Toward The End of Time made the New York Times's "Notable Books" list for '97, but never really got the attention it deserves. Although set in the near future (the year 2020 should be a tip-off that Updike is having some fun with this device) the book is focused very much on the here-and-now as experienced by Ben Turnbull, an aging investment adviser whose wife may be trying to kill him, or may herself be dead; who may or may not be having an interesting and oddly touching affair with a local prostitute; and who seems to be advising a group of local hoodlums on how best to shake down the neighbors. What Ben is certainly doing is confronting his own mortality: from the opening lines, in which winter comes far too early to the north shore of Massachusetts, to the closing moments, in which, one year later, a sudden burst of warm weather stirs a midwinter flurry of insect life, Ben immerses himself in a sensual awareness of the physical world even as his thoughts seem to travel back through time, lighting on the defining moments of an unusual cast of characters. Whether a reader is jarred by these sudden digressions to ancient Egypt, Nazi Germany, and elsewhere will depend in large part on whether he or she enters into the spirit of the novel, which is ultimately impressionistic, despite its surfeit of detail. In my view Updike works wonders--who else will see the world for us this clearly and render it into such perfect prose? Read more ›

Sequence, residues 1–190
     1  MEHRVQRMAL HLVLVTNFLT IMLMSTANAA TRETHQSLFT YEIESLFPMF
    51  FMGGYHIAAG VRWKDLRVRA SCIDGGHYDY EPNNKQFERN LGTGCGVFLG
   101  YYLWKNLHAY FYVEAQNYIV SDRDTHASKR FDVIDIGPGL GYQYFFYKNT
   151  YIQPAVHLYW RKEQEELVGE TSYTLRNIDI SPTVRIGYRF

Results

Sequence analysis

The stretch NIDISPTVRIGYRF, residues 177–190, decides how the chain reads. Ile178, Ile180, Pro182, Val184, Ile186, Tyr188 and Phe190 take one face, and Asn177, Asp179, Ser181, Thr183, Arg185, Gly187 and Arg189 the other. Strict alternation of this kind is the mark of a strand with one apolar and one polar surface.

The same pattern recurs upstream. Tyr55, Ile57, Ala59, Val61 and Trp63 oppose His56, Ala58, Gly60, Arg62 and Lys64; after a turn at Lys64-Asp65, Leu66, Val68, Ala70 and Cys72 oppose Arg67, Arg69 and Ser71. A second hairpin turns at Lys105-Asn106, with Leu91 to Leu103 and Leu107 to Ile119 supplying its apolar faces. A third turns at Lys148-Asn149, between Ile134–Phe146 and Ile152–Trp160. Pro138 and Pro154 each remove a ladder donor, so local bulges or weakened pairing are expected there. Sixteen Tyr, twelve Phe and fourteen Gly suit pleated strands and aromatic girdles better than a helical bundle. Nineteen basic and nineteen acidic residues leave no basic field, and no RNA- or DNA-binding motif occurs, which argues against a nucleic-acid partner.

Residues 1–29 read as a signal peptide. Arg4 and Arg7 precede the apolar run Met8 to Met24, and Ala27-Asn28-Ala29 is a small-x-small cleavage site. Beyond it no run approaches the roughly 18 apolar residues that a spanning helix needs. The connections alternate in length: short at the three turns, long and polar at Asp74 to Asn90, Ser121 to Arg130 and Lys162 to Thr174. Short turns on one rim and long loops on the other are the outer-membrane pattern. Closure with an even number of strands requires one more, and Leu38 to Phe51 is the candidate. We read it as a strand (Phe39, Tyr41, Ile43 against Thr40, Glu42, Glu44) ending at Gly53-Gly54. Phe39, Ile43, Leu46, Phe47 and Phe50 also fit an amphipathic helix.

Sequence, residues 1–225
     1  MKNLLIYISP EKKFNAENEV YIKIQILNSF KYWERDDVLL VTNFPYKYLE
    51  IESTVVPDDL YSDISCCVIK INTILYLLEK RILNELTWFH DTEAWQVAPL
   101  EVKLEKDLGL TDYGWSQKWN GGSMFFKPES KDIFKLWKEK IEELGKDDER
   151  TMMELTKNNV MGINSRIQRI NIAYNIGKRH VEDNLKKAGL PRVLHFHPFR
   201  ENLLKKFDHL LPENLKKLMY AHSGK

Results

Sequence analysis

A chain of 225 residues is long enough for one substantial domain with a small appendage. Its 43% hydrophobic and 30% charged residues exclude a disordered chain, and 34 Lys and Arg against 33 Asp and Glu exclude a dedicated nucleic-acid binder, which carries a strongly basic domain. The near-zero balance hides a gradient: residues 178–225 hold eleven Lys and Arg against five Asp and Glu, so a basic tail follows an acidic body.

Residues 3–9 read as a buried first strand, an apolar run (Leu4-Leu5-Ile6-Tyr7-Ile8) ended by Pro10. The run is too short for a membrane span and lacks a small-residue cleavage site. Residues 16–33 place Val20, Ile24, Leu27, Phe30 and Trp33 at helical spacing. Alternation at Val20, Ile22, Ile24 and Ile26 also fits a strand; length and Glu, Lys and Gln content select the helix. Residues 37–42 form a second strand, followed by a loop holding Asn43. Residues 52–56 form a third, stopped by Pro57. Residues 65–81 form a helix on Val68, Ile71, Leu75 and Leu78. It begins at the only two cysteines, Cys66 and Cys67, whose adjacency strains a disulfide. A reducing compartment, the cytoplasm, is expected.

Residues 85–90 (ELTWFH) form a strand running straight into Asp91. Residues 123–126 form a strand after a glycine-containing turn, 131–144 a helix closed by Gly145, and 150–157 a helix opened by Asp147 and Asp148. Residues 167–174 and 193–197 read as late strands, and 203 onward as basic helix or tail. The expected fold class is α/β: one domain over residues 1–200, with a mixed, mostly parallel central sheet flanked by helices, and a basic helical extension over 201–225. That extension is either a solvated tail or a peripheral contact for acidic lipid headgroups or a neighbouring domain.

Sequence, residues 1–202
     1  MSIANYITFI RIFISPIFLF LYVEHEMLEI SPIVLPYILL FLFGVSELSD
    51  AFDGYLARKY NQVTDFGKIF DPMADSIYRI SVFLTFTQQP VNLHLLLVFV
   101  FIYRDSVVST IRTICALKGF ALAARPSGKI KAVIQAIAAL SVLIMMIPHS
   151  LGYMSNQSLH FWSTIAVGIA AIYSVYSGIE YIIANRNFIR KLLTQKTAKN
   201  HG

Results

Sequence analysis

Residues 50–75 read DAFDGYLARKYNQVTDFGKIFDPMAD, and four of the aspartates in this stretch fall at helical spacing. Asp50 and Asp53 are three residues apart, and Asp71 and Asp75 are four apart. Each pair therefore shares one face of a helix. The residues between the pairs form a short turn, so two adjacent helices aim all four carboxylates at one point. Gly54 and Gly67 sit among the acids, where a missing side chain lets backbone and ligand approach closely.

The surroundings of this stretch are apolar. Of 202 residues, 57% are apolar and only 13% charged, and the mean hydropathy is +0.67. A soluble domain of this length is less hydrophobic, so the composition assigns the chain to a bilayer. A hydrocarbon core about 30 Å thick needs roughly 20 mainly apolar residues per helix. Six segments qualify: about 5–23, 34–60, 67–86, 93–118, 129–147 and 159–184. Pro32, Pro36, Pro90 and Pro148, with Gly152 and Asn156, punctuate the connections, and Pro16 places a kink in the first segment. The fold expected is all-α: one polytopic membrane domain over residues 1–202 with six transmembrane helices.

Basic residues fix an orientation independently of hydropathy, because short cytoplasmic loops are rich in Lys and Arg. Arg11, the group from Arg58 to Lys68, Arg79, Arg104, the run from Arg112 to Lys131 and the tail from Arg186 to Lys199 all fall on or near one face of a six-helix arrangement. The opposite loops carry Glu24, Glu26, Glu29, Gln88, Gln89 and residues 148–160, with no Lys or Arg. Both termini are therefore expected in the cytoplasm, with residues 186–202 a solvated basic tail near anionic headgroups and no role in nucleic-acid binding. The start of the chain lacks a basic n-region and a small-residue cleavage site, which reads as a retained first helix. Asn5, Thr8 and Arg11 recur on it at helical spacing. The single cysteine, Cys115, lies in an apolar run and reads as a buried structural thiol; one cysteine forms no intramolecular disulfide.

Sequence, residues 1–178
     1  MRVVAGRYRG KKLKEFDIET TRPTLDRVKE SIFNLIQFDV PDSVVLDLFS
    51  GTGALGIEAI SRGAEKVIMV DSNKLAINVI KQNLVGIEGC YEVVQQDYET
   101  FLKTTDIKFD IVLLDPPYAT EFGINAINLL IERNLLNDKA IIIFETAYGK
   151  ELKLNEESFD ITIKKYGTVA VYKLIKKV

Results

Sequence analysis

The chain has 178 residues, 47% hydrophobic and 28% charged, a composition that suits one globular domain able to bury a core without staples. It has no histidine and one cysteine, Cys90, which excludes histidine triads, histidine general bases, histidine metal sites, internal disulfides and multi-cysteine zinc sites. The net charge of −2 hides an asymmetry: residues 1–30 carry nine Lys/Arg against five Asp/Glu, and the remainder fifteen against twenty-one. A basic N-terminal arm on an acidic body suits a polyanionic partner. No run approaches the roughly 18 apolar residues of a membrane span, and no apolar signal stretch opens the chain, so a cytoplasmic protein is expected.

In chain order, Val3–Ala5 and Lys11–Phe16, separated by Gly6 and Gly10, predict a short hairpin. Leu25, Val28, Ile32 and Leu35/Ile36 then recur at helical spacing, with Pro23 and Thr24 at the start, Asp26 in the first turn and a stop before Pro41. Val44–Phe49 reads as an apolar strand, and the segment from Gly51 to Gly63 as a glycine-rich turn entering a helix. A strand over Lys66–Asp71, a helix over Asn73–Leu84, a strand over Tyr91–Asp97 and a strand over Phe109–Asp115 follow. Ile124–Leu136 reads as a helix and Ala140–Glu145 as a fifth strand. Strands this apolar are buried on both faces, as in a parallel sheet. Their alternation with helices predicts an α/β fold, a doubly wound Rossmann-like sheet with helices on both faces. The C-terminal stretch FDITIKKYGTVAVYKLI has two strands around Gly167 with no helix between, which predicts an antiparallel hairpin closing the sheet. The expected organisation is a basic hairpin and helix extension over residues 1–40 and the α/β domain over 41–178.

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3 of 3 people found the following review helpful
3.0 out of 5 stars Not among his best February 27, 2007
By Bomojaz
Format:Hardcover